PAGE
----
KARNATAKA

KERC move on power tariff hike hailed

MYSORE, FEB. 26. The Karnataka Electricity Regulatory Commission (KERC) has declined to approve a proposal submitted by Mangalore Electricity Supply Company (MESCOM) to increase power tariff.

Mysore comes under the jurisdiction of MESCOM and the commission's decision will have a positive bearing on electricity consumers in the region.

In a press release issued here today, G.S. Nayak of Mysore Grahakara Parishat (MGP) said the commission had approved a proposal to reintroduce a special incentive scheme for HT consumers. The four electricity supply companies had taken advantage of Section 27 of the Karnataka Electricity Reform Act, 1999 which allowed one amendment of the tariff order in a financial year. But Karnataka Power Transmission Corporation Ltd. (KPTCL) and the four companies had sought tariff amendment on four issues, Mr. Nayak said.

He said the commission had declined to approve the proposal for increase in power tariff to offset Rs. 1.80 per unit additional charge which was payable to Tannir Bavi Power Company as awarded by an arbitration tribunal. The commission had noted that KPTCL had not argued the case against the additional fixed charge before the tribunal. It had argued that Section 21 of the Act implied that power supply companies discharged their duty wherein every aspect of their activities be motivated by a desire to help consumers.

The commission was not unconvinced that the consumers' interest had been protected by KPTCL and noted that the latter's decision not to challenge the arbitration award in the High Court was transparent. Under such circumstances, the commission noted that it was not willing to pass on the burden of additional fixed charges to consumers, he said.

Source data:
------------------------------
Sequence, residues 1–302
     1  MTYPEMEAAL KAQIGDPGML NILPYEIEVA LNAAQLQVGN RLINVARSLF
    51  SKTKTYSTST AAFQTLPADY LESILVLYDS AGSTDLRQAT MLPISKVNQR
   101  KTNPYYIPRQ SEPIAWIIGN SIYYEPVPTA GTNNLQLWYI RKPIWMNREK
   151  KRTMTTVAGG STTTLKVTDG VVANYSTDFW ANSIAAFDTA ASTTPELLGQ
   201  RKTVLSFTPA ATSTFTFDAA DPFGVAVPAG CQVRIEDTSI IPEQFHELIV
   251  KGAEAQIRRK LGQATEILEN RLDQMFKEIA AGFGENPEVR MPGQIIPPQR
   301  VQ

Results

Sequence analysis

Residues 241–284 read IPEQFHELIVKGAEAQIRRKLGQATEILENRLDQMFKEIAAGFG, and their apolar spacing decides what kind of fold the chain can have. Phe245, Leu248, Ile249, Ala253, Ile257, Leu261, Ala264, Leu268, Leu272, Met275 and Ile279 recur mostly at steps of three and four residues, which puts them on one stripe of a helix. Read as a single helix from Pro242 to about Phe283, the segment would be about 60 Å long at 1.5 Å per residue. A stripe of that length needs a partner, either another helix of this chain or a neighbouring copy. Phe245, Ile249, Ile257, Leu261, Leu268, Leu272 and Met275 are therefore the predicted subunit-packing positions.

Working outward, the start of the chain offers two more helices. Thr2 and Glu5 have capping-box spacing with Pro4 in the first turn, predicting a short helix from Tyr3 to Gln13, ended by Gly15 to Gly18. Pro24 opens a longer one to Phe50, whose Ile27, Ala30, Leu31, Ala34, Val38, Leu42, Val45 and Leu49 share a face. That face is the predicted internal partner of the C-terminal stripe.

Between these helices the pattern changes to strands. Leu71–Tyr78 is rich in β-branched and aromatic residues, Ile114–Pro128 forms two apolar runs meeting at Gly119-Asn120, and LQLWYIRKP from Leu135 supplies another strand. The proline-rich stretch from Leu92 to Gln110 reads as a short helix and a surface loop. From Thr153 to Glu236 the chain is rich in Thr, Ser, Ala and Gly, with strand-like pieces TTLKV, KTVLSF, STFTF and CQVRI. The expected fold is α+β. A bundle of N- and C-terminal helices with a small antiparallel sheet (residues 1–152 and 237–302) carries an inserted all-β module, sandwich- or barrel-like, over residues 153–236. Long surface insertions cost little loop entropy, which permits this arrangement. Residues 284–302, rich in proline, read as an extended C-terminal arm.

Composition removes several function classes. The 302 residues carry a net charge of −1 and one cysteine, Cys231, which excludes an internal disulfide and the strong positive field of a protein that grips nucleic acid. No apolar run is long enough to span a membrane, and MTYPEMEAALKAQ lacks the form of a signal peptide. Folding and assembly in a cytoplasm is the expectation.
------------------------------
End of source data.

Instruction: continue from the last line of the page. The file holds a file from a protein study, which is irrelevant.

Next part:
Similarly, KPTCL had submitted a proposal for power purchase and other cost adjustment (POCA) formula to safeguard its financial interest against the risk of a poor monsoon. If monsoon was poor, local hydel projects would not be in a position to meet the demand, and KPTCL would have to purchase power from other sources at a higher rate. Though the formula was supposed to automatically adjust the tariff proportionately, the proposal submitted by KPTCL did not include this factor. Hence, the commission rejected it, Mr. Nayak said.

Likewise, the commission put an end to the practice by KPTCL and the four companies of charging exorbitant costs for documents related to their applications. The parishat had complained that the cost of "full set'' of applications and supporting documents needed to file objections during public hearings was Rs. 500. But KPTCL and the four companies charged 1,000 per cent more than the actual cost to provide information. Thus, KPTCL was accused of violating the Karnataka Right to Information Act, 2000. The commission upheld the objection and directed the four companies to charge only the cost of the book The commission had approved a special incentive scheme for HT consumers, which entailed power supply at a lower rate and discouraged consumers from going in for captive generation. However, the only part of the order of the commission the consumers might not welcome was the decision to increase power tariff on some classes of LT and HT consumers by an average of six per cent to bridge the revenue gap, he said.